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Welcome, New CBN Governor


News » Politics
Nigeria

June.09.2014

Less than 48 hours after assuming office at the nation’s apex bank, the Central Bank of Nigeria (CBN), Mr Godwin Emefiele, who takes over from where Malam Sanusi Lamido Sanusi and Dr Sarah Alade left off, rolled out the principles that would guide his tenure as the nation’s ‘central banker’. As is normal in such situations, he was overtly enthusiastic and has already made some pronouncements that will eventually be focal points in subsequent assessment of his programmes and policies. The three that have captured the attention of the Nigerian public are the pledge to pursue a gradual reduction in key interest rates, the inclusion of unemployment rate in monetary policy decisions and the abolishing of fees associated with limits on deposits. Emefiele also proposed a business approach to the funding of small and medium scale enterprises (SMEs), which he said would require the private sector coming in to drive the process and invariably achieve its profit motive, while not losing sight of the development objectives of government.

Before now, SMEs had been left to struggle while agencies of government propounded theories that did not go far enough to address the real issues of using the sub-sector as a pedestal for achieving the set objective of empowering young entrepreneurs experiencing start-up problems. As is usual with government and its policies, an industry soon grew around the SME project, with the resultant effect of quantum amounts of money pumped into it with not much to show for it, simply because the money went into the wrong hands.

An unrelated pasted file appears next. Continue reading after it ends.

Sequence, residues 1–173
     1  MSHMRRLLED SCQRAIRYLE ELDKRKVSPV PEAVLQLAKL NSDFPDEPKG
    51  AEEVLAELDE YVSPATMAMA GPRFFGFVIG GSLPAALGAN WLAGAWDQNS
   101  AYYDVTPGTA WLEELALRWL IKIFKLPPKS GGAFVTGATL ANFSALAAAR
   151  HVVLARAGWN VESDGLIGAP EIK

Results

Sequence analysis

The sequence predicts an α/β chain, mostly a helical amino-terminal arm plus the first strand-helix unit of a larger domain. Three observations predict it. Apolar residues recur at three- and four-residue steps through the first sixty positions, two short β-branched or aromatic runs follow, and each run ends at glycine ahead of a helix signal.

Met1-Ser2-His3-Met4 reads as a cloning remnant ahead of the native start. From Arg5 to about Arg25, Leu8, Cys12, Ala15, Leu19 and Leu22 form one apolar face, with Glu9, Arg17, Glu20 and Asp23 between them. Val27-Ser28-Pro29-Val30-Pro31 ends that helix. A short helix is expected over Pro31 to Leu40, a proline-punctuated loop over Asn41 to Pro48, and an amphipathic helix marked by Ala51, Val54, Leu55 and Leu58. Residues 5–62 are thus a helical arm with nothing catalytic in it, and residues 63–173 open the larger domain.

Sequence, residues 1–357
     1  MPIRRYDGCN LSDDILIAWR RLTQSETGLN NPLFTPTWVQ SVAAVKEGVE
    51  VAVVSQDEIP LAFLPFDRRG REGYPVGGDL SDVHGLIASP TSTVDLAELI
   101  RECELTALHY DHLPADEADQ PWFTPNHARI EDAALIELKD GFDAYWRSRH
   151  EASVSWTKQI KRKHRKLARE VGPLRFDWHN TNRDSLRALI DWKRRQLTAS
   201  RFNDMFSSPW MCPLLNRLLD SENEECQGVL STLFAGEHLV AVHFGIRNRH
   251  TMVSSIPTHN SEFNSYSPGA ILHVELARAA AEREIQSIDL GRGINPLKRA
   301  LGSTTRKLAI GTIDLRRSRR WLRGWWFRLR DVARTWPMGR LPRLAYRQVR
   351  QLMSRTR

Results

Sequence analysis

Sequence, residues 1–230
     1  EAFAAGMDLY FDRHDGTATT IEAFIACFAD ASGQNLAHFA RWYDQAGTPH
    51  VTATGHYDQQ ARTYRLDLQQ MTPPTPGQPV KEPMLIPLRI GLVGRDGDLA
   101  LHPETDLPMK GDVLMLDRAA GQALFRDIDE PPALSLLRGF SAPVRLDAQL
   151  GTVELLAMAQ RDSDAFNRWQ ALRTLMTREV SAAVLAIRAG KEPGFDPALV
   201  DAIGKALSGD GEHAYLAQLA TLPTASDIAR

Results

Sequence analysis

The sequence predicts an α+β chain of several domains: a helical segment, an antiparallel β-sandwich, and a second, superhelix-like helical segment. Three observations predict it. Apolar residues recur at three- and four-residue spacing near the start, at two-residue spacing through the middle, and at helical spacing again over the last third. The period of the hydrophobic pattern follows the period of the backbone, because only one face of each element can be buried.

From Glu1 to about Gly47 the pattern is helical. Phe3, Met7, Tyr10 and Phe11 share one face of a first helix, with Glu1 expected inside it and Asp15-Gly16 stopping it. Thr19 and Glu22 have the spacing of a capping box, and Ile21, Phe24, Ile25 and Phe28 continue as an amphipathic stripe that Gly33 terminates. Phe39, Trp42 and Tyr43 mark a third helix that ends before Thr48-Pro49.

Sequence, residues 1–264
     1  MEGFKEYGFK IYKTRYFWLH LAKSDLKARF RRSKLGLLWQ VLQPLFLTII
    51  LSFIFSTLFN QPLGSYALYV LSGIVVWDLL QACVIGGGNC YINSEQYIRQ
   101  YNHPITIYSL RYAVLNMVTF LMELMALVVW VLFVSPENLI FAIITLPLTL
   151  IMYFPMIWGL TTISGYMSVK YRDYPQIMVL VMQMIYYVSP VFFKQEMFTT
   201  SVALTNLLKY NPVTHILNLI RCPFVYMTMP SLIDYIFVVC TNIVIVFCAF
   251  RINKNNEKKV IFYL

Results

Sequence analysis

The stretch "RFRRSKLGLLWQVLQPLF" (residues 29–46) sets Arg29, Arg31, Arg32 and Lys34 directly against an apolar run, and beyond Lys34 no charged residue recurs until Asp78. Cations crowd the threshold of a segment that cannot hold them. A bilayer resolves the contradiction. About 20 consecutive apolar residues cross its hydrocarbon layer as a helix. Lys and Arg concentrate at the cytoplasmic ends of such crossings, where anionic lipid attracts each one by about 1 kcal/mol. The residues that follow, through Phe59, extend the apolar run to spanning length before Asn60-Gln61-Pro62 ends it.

It is also our hope that the reduction in the interest rates would spur the real sector on to embarking on activities that would eventually galvanise the productive sector of the economy and launch it along the path of growth and expansion, with the attendant benefit of job creation. We wish, too, that the rates would come down to a single digit, to serve the desired purpose. This is important, because no business would want to take facilities at the present levels, except where absolutely necessary. It is in this regard that we commend Emefiele’s promise to introduce a broad spectrum of financial instruments to boost specific enterprise areas in agriculture, manufacturing, health and oil and gas.

Above all else, in our view, it is the person of the governor that will determine the success or failure of his policies at the CBN. He must endeavour to avoid what would stir up controversy around him. Everywhere in the world, central banks governors are noted for implicit conservatism in their utterances and functions. In most cases, they prefer to let their actions, plans and policies speak for them. Emefiele must shun playing to the gallery in order to score identifiable points.

 
Article Credit: Leadership

Updated 4 Years ago
 

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